Steve and me schooling back in 2019, photo credit some nice mom who randomly took a video of us.

So, was this a lost year? Sort of? I know I’m supposed to say something uplifting about everything that I learned and how it gave me a chance to bond with Steve on the ground or something like that, but honestly it just kind of sucked. My first horse that I owned when I was a tween bowed a tendon right before the start of the show season. Had my parents and I been prescient it was at this point that we should have just thrown in the towel.

From that experience, through many other horses and injuries and illnesses, to this one, I can’t say that I learned anything worthy of cross-stitching onto a wall hanging other than that horses are a dumb animal to love. They are fragile and break (and sometimes even die) with alarming frequency. They can come in from the field with a deep puncture wound into their hock and no amount of walking the pasture will turn up anything even remotely suspicious. They can put their leg through a fence just randomly and need 22 stitches. They can get dehydrated at an away show because “I don’t want to drink THAT water, it isn’t MY water from HOME and I’d rather just DIE,” and you can spend $$$ on electrolytes and additives to encourage them to drink…and then they’ll drink, finally, but only when no one is looking. When we bought my third junior horse in the dead of a Wisconsin winter, he shipped to us in a borrowed blanket and a week later all of his hair fell out. And so on. I have so many of these little stories about my various monsters I don’t know whether to cry or laugh.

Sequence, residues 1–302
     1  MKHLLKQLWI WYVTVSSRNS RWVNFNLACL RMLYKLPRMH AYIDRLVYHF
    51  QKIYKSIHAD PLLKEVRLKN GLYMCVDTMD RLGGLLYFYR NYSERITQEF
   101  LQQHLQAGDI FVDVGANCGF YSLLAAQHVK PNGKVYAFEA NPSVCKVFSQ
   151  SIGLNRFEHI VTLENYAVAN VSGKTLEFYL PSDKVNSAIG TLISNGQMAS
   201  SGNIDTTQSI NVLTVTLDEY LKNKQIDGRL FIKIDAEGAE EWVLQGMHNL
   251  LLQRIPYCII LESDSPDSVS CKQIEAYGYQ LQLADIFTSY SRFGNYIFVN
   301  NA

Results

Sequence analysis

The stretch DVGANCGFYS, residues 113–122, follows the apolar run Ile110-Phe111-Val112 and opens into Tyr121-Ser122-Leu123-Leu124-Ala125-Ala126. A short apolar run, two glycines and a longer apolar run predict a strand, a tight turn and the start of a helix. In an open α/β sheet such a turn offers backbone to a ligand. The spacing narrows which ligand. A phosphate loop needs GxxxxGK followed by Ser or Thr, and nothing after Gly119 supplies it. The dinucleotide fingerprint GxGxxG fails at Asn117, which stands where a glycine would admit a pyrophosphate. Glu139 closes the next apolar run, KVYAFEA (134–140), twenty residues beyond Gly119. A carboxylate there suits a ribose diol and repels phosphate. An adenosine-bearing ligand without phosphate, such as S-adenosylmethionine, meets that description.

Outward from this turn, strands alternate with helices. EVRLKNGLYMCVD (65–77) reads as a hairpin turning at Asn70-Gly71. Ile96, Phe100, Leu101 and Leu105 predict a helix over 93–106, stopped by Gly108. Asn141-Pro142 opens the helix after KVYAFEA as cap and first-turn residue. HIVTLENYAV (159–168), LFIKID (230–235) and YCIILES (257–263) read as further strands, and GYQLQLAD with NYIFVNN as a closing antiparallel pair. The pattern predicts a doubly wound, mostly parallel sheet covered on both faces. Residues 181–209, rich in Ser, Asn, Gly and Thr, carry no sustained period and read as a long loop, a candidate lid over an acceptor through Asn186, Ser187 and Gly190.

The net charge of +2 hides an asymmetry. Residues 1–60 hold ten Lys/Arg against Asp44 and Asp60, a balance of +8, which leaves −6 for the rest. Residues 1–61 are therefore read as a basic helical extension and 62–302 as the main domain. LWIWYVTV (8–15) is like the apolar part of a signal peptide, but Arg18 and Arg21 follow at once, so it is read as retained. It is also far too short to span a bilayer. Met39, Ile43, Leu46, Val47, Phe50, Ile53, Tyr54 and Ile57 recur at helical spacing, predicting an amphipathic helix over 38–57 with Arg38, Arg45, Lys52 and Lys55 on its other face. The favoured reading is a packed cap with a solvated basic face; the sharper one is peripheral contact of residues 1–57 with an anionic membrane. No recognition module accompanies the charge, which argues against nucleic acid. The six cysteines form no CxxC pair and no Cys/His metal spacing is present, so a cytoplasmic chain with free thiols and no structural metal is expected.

On the other hand…horses are brilliant therapists: they just listen and let you emote at them, without judgment. Well, mares might judge, but that is why I have geldings. Horses let you take them on silly adventures, dress them up in obnoxious costumes for holiday photos, stick them in wheeled metal boxes just for the price of a filled hay net, and they come through again and again when you ask.

So, yeah, 2021 was not a great horse year for me but I’ve come out of it with my Steven happy and sound (um, at least for now), so I consider myself a lucky person. I’m ready for 2022, and whatever ridiculousness the year throws at me I’m going to keep at it, enjoy my wonderful horse, and maybe make some offerings to the soundness gods that we can get back in the show ring.

I hope the rest of you have had a better year with your horses, especially in the midst of the trauma that continues to plague our world. We are lucky we have these gracious souls we can turn to for comfort, and that is something none of us should take for granted. Enjoy your horses as this crazy, seemingly endless year finally winds down. Steve and I wish everyone a very Happy New Year!